Senate Requests Trio of Transit Related Reports from GAO
The Dictionary of Terms compiled by Metro’s Dorothy Peyton Gray Transportation Library defines BOARD BOX as “an interoffice memo to board members that does not require board action. The board box provides an avenue for staff to track status of projects or programs, and includes information of upcoming workshops and other special events.” While not posted on the Metro website access has been provided in some cases to Board Box items via the Metro Board Archives.
One agency that does post its Board Box is Access Services, the consolidated Transportation Services Agency for Los Angeles County that also administers on behalf of the fixed route transit agencies in Los Angeles County complementary paratransit mandated by the Americans with Disabilities Act.
The December Access Services Board Box includes an intriguing bit of news in the report of Andre Colaiace, who is Deputy Executive Director for Planning and Governmental Affairs at the agency. Colaiaice attending a meeting of the American Public Transit Association (a trade group) Legislative Committee in Washington, DC.
At the meeting he learned that this past summer the Senate Banking Committee requested the Government Accountability Office (GAO) undertake studies on Bus Rapid Transit, Paratransit Services and the Coordination of Transportation Services (see pp.4-6 of the Board Box for a reproduction of the letter from the Senate to the GAO). Colaiaice notes “I have already talked to the researcher for the Coordination Study and am planning to discuss Access Services with the group who is working on the paratransit study.”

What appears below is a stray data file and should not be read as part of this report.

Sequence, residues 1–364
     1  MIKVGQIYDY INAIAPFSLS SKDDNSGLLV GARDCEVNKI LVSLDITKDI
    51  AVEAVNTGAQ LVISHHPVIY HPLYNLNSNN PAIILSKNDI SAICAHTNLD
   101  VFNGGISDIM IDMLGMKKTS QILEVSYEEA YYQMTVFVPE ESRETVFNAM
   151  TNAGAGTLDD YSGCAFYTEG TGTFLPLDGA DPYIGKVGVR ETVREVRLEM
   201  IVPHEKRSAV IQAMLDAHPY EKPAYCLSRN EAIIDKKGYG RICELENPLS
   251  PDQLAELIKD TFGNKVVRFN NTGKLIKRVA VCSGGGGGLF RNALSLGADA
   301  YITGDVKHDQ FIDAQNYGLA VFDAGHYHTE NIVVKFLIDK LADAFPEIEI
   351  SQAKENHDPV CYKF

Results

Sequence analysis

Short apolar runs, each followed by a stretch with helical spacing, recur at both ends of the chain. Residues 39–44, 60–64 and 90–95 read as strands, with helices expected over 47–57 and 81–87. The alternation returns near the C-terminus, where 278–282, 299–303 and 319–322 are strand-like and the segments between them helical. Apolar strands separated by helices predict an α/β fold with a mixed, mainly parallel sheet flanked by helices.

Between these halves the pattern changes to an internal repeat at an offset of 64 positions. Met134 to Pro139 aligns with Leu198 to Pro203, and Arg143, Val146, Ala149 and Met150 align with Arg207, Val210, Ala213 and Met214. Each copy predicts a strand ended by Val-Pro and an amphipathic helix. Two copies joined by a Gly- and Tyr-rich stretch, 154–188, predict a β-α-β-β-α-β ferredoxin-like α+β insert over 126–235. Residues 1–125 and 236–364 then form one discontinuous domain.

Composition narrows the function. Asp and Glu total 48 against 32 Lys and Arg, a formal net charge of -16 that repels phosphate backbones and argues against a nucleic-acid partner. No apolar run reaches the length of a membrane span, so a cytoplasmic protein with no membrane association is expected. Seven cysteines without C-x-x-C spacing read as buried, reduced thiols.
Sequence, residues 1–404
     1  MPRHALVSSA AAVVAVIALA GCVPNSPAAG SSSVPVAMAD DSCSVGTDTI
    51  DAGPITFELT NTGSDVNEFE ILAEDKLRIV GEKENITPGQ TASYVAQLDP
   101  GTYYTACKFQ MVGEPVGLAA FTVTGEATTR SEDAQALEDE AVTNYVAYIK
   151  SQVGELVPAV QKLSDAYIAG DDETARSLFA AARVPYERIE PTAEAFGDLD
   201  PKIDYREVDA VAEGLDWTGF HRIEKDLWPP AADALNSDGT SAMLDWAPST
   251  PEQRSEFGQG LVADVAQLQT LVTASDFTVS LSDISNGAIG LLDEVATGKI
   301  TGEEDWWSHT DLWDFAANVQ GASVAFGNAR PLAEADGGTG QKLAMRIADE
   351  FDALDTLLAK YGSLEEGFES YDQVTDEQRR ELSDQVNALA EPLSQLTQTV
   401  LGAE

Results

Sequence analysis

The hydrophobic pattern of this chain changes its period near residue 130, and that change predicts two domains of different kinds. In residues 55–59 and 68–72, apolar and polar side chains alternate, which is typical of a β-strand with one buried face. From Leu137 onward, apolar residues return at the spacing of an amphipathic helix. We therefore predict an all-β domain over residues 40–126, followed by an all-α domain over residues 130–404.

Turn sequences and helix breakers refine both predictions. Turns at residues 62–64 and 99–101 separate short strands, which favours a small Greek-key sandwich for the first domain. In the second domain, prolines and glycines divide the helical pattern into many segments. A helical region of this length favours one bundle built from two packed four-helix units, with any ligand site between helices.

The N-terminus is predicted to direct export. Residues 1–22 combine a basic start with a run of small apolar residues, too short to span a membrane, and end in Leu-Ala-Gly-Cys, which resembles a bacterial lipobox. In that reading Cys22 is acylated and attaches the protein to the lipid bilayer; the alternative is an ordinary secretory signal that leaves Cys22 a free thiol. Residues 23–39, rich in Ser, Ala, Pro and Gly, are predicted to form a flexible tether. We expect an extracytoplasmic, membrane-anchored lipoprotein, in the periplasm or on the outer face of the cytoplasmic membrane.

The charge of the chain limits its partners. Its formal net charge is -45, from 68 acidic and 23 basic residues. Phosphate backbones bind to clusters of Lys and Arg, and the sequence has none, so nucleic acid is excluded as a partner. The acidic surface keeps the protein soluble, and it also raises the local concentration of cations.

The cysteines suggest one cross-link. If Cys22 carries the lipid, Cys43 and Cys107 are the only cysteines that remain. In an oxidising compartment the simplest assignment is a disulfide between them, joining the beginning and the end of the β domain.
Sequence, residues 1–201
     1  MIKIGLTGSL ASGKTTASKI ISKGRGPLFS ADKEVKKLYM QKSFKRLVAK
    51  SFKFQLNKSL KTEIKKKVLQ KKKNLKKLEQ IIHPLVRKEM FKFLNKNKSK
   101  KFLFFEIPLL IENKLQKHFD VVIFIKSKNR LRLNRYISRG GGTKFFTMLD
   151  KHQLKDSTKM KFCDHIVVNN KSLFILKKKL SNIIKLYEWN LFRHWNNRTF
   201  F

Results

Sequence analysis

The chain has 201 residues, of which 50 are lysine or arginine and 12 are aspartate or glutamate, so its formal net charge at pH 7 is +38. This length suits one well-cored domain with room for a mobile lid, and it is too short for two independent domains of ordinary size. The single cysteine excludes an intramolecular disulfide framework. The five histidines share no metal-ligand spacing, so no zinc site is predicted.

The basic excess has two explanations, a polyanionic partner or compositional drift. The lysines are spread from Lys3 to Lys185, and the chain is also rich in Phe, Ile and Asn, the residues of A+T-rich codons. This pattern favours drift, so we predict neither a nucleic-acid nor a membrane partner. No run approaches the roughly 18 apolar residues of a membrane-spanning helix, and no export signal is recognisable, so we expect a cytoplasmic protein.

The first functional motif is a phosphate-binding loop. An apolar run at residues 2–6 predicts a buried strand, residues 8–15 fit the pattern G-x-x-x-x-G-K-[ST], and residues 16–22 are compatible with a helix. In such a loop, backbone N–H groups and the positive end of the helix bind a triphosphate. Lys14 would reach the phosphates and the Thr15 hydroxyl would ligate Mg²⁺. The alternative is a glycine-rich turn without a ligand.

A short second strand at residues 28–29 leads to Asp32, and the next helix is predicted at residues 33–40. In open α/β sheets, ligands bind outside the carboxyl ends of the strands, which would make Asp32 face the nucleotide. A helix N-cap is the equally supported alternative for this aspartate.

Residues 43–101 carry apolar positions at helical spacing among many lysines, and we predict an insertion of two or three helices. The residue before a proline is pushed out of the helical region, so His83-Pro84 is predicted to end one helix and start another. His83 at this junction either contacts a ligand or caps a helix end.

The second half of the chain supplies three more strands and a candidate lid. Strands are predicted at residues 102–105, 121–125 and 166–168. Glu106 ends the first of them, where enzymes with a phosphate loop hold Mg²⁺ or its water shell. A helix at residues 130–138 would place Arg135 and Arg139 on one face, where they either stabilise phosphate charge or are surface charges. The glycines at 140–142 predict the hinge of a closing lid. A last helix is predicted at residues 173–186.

This totally flew under the radar screen. I’ll be curious to see what the GAO finds. BTW, over a decade ago I remember a GAO report dealt with coordination. That is where I first learned of an obscure entity called the Coordinating Council for Access and Mobility whose mandate is “simplify customer access to transportation, reduce duplication of transportation services, streamline federal rules and regulations that may impede the coordinated delivery of services, and improve the efficiency of services using existing resources”. Laudable goals but cross-agency cooperation has proven elusive. The GAO report of all those years ago said as much and I won’t be surprised if the new one ends up making the same conclusion.